Joe Conason's Journal

An apparent crude attempt to bribe the GOP House leadership by a crumbling utility firm is exposed. Will the House investigate?


Salon Staff
June 6, 2003 10:09PM (UTC)

How the Hammer's world really works Today's Washington Post fronts a revealing story from the heartland that must be giving Republican leaders severe heartburn. Overshadowed until now by larger corporate scandals, the troubles of Westar Energy, largest electric utility in Kansas, have been largely ignored by the national media. In the Kansas City Star, however, the thieving executives of the state's largest electric utility have been making big headlines like this and that.

Much of the self-dealing by the Westar management will be all too familiar to anyone who has read about Enron, Tyco, and the other sinkholes of business morality. These Midwestern fatcats reportedly awarded themselves gigantic bonuses, built themselves a $6.6 million executive suite, flew themselves and their families around the country in the corporate jet without reimbursement, falsified records to cover their tracks. And if their own notations are to be believed, several of them participated in a scheme to bribe House Majority Leader Tom "the Hammer" DeLay and other prominent Republicans on Capitol Hill.

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The payoffs are described in e-mails from a Westar vice president to his associates that were discovered during an internal investigation of corporate wrongdoing by the New York law firm of Debevoise & Plimpton. The firm's voluminous report is now sitting on the desk of the United States Attorney in Wichita. (The e-mails are exhibits 236 and 237 on the page linked above.)

According to the e-mails, the Westar executives were seeking a special exemption from regulation under the Public Utility Holding Company Act regulation a year ago, when the House and Senate were marking up the Bush administration's energy bill. In order to get a "seat at the table" during the deliberations, the company would have to fork over $56,500 to several GOP campaign committees, including several linked to DeLay, his fellow Texan Joe Barton, House Energy Committee chairman Billy Tauzin of Louisiana and Alabama Senator Richard Shelby. The e-mail said that Tauzin, Barton and Shelby had all "requested" the contributions, but did not mention a specific request by DeLay. All of them insist of course! -- that such donations had nothing to do with their actions on behalf of Westar.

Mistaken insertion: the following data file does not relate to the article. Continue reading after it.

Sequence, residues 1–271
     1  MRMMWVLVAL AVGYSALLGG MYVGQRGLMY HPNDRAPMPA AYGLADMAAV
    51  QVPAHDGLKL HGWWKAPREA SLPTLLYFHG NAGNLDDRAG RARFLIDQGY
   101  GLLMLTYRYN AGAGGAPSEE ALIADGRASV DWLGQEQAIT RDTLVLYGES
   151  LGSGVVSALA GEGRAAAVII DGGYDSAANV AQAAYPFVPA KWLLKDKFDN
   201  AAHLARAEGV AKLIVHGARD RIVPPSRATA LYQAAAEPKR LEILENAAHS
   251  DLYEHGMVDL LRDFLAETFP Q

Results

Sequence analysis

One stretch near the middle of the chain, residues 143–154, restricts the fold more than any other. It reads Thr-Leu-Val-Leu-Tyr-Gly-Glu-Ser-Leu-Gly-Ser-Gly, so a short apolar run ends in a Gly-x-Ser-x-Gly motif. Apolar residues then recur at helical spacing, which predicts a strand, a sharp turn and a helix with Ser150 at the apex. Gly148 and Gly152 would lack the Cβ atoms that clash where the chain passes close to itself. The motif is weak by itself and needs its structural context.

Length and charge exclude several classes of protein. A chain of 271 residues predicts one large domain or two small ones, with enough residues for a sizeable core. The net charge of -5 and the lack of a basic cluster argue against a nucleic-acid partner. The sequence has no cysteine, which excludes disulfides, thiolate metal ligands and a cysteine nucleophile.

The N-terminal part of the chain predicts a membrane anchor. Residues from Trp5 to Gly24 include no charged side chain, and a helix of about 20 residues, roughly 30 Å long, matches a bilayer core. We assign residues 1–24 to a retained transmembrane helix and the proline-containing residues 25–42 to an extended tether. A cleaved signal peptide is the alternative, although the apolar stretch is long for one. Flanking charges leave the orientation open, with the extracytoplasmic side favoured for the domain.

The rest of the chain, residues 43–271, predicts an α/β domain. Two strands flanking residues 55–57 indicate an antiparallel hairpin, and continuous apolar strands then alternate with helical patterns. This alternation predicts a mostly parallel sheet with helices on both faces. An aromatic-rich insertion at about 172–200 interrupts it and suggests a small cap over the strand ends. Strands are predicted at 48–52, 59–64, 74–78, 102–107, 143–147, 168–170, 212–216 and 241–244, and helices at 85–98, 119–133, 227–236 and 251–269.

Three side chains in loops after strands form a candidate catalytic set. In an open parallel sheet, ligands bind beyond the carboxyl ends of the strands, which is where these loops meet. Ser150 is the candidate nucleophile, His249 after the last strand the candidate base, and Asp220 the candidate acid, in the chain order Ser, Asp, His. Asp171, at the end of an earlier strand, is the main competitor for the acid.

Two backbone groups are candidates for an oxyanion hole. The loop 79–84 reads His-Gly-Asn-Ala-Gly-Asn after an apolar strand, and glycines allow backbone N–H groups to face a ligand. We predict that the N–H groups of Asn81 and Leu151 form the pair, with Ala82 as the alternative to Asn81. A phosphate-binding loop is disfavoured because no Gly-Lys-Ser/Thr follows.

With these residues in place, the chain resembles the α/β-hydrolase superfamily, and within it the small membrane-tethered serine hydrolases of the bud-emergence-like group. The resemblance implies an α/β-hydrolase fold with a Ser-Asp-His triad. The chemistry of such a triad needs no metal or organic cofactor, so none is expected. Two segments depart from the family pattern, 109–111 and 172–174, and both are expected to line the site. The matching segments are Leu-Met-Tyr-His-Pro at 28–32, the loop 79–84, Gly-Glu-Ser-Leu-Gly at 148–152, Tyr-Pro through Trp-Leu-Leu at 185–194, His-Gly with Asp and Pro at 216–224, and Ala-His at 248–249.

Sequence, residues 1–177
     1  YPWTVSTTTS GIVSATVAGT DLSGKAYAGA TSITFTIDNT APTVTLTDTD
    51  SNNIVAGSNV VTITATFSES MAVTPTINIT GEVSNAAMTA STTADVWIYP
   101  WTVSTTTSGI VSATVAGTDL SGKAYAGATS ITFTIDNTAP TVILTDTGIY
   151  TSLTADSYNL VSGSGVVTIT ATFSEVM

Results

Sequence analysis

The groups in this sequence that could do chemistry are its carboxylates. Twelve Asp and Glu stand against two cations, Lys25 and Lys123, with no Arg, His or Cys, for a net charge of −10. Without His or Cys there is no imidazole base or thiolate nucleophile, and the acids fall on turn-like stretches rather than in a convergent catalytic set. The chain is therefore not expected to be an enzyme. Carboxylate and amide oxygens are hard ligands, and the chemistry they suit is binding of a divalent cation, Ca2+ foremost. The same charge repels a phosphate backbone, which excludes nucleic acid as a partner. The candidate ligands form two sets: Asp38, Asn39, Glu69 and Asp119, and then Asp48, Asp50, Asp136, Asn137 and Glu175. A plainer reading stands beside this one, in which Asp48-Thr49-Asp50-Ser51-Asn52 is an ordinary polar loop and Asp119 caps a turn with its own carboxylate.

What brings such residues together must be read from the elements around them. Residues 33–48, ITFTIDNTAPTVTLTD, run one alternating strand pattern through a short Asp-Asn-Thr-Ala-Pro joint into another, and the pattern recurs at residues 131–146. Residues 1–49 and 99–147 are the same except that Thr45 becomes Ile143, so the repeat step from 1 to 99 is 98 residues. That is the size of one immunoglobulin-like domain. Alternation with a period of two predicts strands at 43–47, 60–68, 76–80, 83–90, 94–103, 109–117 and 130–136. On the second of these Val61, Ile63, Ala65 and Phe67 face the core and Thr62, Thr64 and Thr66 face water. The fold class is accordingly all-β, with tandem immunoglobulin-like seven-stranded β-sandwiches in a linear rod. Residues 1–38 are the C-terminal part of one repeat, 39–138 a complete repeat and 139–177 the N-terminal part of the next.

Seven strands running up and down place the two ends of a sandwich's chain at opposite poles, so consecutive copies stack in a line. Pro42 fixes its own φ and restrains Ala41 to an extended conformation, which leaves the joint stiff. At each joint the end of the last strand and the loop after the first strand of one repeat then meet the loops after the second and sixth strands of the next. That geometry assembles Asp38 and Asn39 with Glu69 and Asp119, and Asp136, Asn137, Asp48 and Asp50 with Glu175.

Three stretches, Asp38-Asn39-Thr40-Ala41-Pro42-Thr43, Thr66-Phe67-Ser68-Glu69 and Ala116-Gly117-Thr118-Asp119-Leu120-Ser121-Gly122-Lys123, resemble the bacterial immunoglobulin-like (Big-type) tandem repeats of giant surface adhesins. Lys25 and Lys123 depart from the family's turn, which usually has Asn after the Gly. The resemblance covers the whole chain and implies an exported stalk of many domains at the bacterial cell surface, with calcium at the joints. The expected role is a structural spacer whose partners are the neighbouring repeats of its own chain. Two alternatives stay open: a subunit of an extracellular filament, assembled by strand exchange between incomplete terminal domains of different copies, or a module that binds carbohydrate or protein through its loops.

Yet somehow that was the impression that the Westar executives took from their meetings and conversations with DeLay and his colleagues. Westar vice president Douglas Lawrence explained the situation in a May 20, 2002 e-mail to his boss, executive vice president Douglas T. Lake: "Right now, we have $11,500 in immediate needs for a group of candidates associated with Tom DeLay, Billy Tauzin, Joe Barton and Senator Richard Shelby." Lawrence went on to add that DeLay's "agreement is necessary before the House Conferees can push the language we have in place in the House bill," and described Tauzin and Barton as "key House Conferees on our legislation."

Since those powerful members were already well-funded with safe seats, they allegedly demanded funds for other GOP candidates. The same e-mail says that Shelby made a "substantial request" for his former chief of staff Tom Young, who was running for a seat in Alabama an allegation vehemently denied by the Senator.

Within days, the money flowed. By May 31, Shelby's protigi Young had received $7,200 from Westar executives; the other beneficiaries included John M. Shimkus of Illinois, Sam Graves of Missouri, Anne Northup of Kentucky, Shelly Moore Capito of West Virginia. DeLay's own fund-raising committee also received $25,000 from Westar.

As the Post's Thomas Edsall reports: "The exemption that Westar sought was inserted into the legislation by Barton, but it was later withdrawn after a grand jury began investigating the company for alleged wrongdoing, including securities fraud." (The AP's Pete Yost provides additional fascinating detail in his dispatch on the Westar affair.)

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This remarkable peek at the way the world really works raises three immediate questions: How will federal prosecutors in Wichita handle this blatant bribery scheme? Will any of the Westar suits roll over and talk about the company's friends on Capitol Hill? And will any of the Congressional Democrats or for that matter, honest Republicans muster the courage to file complaints against Tauzin, Barton, Shelby and especially DeLay with the so-called ethics committees of their respective chambers? (Maybe you should ask them.)

As we await answers, a spokesman for the Republicans on the House Energy and Commerce Committee offered reassurance: "No one on our committee is going to risk going to jail over a campaign contribution."
[12:52 a.m. PST, June 6, 2003]

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